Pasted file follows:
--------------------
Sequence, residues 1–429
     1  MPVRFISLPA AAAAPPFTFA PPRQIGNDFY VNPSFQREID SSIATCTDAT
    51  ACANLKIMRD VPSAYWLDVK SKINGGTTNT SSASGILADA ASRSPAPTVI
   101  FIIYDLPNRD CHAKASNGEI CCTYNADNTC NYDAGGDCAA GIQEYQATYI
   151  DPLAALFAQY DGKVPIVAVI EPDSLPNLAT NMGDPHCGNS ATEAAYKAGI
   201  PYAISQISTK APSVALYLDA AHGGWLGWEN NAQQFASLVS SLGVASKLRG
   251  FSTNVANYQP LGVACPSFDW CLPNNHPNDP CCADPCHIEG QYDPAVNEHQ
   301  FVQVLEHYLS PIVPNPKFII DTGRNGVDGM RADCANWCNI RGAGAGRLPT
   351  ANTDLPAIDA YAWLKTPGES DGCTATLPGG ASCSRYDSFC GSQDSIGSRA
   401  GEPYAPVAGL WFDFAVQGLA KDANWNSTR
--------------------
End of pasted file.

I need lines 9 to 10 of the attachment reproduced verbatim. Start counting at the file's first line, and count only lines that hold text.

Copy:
   351  ANTDLPAIDA YAWLKTPGES DGCTATLPGG ASCSRYDSFC GSQDSIGSRA
   401  GEPYAPVAGL WFDFAVQGLA KDANWNSTR